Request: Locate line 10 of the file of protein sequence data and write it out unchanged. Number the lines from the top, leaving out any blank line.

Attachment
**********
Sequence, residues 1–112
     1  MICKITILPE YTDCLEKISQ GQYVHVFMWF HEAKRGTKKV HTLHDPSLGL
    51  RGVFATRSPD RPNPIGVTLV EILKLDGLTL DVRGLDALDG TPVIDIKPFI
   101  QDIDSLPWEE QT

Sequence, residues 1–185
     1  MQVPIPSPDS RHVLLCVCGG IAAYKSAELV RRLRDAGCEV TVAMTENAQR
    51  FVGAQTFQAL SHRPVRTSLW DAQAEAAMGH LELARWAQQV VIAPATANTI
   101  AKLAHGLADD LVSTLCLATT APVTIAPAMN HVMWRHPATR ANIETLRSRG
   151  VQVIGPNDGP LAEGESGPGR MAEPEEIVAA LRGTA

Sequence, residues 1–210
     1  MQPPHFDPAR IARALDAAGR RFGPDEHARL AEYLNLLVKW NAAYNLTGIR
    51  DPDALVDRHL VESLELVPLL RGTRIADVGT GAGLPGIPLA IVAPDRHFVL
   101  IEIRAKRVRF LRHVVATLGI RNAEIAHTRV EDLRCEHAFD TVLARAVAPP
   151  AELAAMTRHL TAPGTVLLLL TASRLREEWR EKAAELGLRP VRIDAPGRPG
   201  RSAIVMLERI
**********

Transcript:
Sequence, residues 1–210